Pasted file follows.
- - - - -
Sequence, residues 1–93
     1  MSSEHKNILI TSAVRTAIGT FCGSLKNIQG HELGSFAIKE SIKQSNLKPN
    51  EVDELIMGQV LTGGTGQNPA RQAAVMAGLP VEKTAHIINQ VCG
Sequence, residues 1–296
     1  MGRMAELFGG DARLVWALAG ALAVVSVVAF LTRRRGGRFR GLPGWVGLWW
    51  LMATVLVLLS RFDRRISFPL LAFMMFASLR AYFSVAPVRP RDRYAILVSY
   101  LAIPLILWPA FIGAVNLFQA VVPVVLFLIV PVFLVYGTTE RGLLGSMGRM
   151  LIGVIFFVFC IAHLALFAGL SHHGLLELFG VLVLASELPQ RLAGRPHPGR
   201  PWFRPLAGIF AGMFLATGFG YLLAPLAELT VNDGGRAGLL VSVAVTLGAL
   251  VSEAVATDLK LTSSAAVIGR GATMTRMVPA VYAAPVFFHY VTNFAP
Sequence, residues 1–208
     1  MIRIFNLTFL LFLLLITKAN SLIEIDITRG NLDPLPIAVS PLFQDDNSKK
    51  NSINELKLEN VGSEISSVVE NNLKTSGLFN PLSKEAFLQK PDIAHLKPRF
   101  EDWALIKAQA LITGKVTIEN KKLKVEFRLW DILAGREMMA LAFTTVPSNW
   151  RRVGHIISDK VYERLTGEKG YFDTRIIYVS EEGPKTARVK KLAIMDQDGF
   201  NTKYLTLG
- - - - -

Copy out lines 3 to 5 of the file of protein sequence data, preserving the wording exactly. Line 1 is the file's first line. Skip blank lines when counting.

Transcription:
    51  EVDELIMGQV LTGGTGQNPA RQAAVMAGLP VEKTAHIINQ VCG
Sequence, residues 1–296
     1  MGRMAELFGG DARLVWALAG ALAVVSVVAF LTRRRGGRFR GLPGWVGLWW